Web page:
(8) I(t) = I_{a} + a_{S} × S(t−τ) + a_{P} × ΔP(t−τ) / Δt − a_{K} × ΔK(t−τ) / Δt

This formula must naturally be explained. In the next paragraphs the four terms will be discussed one by one^{9}.

Before the peculiarities of the formula 8 are analyzed, several general remarks are in place. First, it must be stated whether the replacements of worn-out equipment are included in the formula 8. When this is the case, then I(t) corresponds with the *gross* investments. This is the choice, which Kalecki has made in his theory. Thus I(t) is the sum of the replacements and the nett (new) investments. A second point concerns the fluctuations of the stocks. When the stocks are shrinking, then this is a negative investments. Kalecki neglects this component, because according to him it exerts little influence on the conjunctural dynamics^{10}.

- The term I
_{a}represents the autonomous investments. They are always done, irrespective of the circumstances. For instance some replacements are unavoidable, at least as long as the entrepreneurs want to continue their activities. Another justification for the autonomous term I_{a}is the permanent inclination of the entrepreneurs to innovate, irrespective of the economic situation^{11}. - The three time-dependent terms on the right-hand side of the formula 8 precede the investments by a time τ. This lag or delay is caused by the time τ, which separates the decision of the entrepreneurs and the actual delivery of the concerned capital goods or equipment. For after placing the order the production and delivery have yet to commence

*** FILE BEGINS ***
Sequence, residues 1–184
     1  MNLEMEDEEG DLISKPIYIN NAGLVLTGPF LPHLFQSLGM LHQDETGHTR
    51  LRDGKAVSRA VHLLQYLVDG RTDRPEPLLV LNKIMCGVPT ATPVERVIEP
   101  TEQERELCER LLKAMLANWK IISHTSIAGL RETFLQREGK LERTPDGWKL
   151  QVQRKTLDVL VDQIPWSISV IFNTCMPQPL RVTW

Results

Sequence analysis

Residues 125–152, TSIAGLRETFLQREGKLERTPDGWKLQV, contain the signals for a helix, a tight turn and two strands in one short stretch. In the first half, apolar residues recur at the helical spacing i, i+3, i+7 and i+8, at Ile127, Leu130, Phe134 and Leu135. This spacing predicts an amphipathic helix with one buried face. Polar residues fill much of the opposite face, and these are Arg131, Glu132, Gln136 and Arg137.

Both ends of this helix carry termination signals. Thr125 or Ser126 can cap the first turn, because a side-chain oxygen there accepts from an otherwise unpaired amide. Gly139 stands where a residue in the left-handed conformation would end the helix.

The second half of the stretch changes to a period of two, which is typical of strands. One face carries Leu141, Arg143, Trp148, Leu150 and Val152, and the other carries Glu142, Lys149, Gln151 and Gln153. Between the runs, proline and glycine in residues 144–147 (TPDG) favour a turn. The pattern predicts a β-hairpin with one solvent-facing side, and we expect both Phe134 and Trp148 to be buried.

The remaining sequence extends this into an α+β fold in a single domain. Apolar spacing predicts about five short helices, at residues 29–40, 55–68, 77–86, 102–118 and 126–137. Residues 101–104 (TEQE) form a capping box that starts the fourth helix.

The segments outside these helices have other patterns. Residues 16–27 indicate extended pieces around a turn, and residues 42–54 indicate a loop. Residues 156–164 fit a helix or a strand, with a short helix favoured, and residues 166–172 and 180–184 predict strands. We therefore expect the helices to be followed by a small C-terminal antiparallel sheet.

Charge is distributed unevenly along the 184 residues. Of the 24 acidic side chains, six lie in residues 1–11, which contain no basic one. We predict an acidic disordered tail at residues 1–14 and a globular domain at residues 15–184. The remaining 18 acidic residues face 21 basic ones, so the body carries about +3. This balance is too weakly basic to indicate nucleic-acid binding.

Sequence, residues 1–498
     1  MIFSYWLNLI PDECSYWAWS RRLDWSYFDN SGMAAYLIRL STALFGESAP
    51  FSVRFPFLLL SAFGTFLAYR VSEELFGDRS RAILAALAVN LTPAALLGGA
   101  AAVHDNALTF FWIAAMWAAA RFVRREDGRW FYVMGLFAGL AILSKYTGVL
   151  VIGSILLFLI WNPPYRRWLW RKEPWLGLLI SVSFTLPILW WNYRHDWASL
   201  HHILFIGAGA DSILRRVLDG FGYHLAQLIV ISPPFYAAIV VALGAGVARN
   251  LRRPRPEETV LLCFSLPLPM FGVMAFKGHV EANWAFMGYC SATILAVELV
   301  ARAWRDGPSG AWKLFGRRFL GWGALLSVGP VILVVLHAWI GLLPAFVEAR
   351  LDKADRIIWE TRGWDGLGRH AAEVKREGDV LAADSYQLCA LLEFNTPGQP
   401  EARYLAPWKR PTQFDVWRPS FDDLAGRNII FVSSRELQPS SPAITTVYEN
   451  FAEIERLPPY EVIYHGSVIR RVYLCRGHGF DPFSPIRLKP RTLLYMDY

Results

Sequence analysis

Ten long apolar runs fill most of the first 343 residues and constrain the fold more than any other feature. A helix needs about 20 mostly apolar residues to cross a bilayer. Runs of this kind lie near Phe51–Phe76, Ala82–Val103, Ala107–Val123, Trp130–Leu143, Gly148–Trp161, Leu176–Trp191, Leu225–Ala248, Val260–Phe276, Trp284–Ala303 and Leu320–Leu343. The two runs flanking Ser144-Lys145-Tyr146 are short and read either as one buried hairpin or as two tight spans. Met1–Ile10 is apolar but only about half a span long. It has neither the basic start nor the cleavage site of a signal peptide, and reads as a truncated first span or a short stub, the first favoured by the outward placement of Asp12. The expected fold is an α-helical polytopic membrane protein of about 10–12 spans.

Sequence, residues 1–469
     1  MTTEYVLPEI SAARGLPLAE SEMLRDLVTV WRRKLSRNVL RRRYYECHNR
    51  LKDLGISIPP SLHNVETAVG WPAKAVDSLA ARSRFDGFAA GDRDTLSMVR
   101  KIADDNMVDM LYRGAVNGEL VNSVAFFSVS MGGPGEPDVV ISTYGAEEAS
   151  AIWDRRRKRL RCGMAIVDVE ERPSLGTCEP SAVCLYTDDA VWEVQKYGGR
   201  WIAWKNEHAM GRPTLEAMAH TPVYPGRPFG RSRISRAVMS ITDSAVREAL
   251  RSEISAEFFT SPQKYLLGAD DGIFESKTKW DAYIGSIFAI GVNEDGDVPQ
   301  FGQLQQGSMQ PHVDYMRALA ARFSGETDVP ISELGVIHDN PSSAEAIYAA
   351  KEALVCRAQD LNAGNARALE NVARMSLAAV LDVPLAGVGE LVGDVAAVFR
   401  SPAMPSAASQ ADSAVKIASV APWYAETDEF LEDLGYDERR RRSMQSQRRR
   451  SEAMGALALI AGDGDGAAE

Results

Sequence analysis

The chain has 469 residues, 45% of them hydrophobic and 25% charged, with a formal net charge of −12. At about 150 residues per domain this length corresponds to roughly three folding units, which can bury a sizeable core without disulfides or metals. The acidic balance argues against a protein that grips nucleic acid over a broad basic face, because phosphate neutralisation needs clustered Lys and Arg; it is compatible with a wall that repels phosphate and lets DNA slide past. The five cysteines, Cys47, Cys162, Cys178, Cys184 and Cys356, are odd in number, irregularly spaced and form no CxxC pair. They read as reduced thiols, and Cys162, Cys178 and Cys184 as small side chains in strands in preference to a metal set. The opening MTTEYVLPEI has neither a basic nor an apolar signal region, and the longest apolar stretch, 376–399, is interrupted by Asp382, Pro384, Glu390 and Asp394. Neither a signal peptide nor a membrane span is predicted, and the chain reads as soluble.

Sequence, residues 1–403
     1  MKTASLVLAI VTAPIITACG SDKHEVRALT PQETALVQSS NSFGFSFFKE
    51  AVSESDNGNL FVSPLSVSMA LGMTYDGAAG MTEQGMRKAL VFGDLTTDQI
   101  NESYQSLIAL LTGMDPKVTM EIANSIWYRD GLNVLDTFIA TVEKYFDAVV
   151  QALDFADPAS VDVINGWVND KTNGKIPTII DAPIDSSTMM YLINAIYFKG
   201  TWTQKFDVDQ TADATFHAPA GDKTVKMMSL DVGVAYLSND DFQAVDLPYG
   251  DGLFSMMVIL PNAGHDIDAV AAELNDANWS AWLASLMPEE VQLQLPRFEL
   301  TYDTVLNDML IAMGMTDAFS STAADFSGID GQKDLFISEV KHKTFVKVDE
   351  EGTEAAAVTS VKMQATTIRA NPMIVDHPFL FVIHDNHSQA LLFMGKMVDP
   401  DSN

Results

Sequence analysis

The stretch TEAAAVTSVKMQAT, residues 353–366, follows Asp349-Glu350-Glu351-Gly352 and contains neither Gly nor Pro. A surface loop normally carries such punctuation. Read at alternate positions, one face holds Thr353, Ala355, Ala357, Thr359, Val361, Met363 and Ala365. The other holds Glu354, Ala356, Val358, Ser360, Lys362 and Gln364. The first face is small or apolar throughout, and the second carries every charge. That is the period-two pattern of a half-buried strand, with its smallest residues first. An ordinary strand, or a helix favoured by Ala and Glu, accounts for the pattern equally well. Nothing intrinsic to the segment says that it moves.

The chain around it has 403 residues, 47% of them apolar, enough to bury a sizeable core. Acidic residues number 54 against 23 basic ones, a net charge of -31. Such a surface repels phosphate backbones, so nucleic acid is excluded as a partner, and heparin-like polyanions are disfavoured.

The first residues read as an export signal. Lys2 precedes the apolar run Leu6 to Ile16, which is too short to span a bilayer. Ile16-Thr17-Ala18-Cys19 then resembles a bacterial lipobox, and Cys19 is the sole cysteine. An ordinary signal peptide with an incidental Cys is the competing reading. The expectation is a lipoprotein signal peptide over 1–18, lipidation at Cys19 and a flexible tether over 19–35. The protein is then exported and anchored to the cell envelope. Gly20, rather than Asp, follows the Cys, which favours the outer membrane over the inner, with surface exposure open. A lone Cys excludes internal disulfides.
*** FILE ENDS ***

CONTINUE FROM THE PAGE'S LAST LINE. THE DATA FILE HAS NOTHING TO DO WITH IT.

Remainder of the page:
^{12}.

The term a_{S}× S(t−τ) is proportional to the gross savings S of the entrepreneurs. In situations where the savings are large, the entrepreneurs do not need to loan capital, and this reduces the risk of the investment. Kalecki calls this the*principle of decreasing risk*. For the sake of simplicity he assumes, that the willingness to invest increases in proportion with S. When the trade balance of the economy and the state budget are equilibrated (which is assumed here), one has simply S(t) = I(t). Kalecki concludes from statistical data, that the value of a_{S}is less than 1 (and of course still positive). - The entrepreneurs will be inclined to invest more, when the rate of profit r(t) rises or at least remains stable. Then they raise their expectations for profits from new investments. Note that one has r(t) = P(t) / K(t), where K(t) is the existing stock of capital goods (in the East-German jargon the
*Grundfonds*). The rate of profit is a derived quantity, and not immediately accessible for analysis. Therefore, the entrepreneurs will focus on the changes in the profit P and the capital K.

The third term on the right-hand side of the formula 8 describes how the entrepreneurs react on changes ΔP of the profit. The fluctuations of the profit are - as always - pertinent to a certain small time interval Δt. Kalecki prefers also here the linear approach. The constant a_{P}is naturally positive^{13}. - The final term on the right-hand side of the formula 8 describes how the entrepreneurs react to the changes ΔK in capital. The term is preceded by a minus-sign, so that the constant a
_{K}is positive. According to Kalecki experience has shown that during the business cycle the fluctuations ΔK/Δt will normally be rather small with respect to the total stock of equipment K. Therefore they are not very relevant for the decisions of the entrepreneurs. In the formula this is expressed by the small value of a_{K}, in any case a_{K}<1.